Solid Oxide Cell Constriction Resistance Effects

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Nelson, George Joseph
Haynes, Comas
Qu, Jianmin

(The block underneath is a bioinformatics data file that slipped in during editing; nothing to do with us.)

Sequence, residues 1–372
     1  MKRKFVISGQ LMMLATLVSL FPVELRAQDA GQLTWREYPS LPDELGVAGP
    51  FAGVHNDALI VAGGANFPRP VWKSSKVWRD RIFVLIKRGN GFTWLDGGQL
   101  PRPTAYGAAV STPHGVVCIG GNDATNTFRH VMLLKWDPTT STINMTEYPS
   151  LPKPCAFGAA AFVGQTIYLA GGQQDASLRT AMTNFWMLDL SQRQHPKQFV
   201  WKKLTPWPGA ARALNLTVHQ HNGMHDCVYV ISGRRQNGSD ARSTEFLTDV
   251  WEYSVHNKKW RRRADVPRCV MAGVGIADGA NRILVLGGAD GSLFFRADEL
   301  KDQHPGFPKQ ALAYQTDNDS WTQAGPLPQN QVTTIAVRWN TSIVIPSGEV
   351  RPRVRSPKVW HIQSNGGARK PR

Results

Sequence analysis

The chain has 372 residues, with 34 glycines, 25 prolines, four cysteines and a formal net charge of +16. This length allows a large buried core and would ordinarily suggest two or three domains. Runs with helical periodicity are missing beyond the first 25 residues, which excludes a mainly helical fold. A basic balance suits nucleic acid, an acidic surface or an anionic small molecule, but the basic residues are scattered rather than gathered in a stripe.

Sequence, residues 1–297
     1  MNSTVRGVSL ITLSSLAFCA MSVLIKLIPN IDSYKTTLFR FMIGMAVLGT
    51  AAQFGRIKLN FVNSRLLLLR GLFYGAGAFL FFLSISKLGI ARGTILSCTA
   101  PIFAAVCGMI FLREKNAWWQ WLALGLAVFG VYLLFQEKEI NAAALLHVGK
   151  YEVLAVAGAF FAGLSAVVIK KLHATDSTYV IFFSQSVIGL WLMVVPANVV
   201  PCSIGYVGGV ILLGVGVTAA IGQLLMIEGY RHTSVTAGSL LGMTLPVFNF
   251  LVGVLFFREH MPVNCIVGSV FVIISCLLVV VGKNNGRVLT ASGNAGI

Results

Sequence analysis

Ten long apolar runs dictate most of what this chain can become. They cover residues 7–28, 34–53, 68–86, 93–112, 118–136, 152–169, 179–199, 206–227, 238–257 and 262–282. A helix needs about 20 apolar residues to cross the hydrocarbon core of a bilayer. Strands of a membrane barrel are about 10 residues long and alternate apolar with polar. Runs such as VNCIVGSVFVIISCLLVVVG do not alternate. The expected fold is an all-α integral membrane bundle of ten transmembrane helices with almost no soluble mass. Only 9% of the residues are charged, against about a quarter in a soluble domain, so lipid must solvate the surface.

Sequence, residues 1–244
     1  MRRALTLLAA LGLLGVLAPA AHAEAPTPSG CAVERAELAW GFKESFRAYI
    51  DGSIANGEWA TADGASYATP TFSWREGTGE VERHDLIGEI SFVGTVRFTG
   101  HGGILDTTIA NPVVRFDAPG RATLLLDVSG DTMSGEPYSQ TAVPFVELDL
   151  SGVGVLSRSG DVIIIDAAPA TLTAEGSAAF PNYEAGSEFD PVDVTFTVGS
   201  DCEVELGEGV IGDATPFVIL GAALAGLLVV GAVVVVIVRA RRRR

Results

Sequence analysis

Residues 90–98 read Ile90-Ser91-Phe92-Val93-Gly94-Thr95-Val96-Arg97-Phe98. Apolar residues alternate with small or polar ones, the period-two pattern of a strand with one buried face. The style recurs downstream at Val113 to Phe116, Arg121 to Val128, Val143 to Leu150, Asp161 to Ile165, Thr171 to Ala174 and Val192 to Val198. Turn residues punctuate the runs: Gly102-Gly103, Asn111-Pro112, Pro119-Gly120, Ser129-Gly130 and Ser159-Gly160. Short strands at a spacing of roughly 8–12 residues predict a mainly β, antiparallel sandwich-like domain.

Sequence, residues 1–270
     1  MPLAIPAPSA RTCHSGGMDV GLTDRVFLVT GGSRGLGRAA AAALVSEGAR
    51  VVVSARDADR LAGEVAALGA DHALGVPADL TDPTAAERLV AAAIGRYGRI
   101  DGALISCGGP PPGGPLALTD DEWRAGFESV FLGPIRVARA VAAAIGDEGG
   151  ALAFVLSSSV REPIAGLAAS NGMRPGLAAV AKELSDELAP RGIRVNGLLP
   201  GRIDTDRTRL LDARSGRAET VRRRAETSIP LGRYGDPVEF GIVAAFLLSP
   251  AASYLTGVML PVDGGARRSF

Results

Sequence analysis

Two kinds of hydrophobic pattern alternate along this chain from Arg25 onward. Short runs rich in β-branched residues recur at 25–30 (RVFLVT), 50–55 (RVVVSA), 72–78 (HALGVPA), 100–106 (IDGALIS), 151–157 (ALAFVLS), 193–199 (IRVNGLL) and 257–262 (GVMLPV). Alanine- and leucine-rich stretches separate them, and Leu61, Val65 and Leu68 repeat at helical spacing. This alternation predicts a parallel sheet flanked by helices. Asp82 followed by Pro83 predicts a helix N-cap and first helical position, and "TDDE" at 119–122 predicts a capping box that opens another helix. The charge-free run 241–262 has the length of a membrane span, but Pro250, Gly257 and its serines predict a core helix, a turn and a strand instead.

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Solid oxide cells are best known in the energy sector as novel power generation devices through solid oxide fuel cells (SOFCs), which enable the direct conversion of chemical energy to electrical energy and result in high efficiency power generation. However, solid oxide electrolysis cells (SOECs) are receiving increased attention as a hydrogen production technology through high temperature electrolysis applications. The development of higher fidelity methods for modeling transport phenomena within solid oxide cells is necessary for the advancement of these key technologies. The proposed thesis analyzes the increased transport path lengths caused by constriction resistance effects in prevalent solid oxide cell designs. Such effects are so named because they arise from reductions in active transport area. Constriction resistance effects of SOFC geometry on continuum level mass and electronic transport through SOFC anodes are simulated. These effects are explored via analytic solutions of the Laplace equation with model verification achieved by computational methods such as finite element analysis (FEA). Parametric studies of cell geometry and fuel stream composition are performed based upon the models developed. These studies reveal a competition of losses present between mass and electronic transport losses and demonstrate the benefits of smaller SOFC unit cell geometry. Furthermore, the models developed for SOFC transport phenomena are applied toward the analysis of SOECs. The resulting parametric studies demonstrate that geometric configurations that demonstrate enhanced performance within SOFC operation also demonstrate enhanced performance within SOEC operation. Secondarily, the electrochemical degradation of SOFCs is explored with respect to delamination cracking phenomena about and within the critical electrolyte-anode interface. For thin electrolytes, constriction resistance effects may lead to the loss of electro-active area at both anode-electrolyte and cathode-electrolyte interfaces. This effect (referred to as masking) results in regions of unutilized electrolyte cross-sectional area, which can be a critical performance hindrance. Again analytic and computational means are employed in analyzing such degradation issues.
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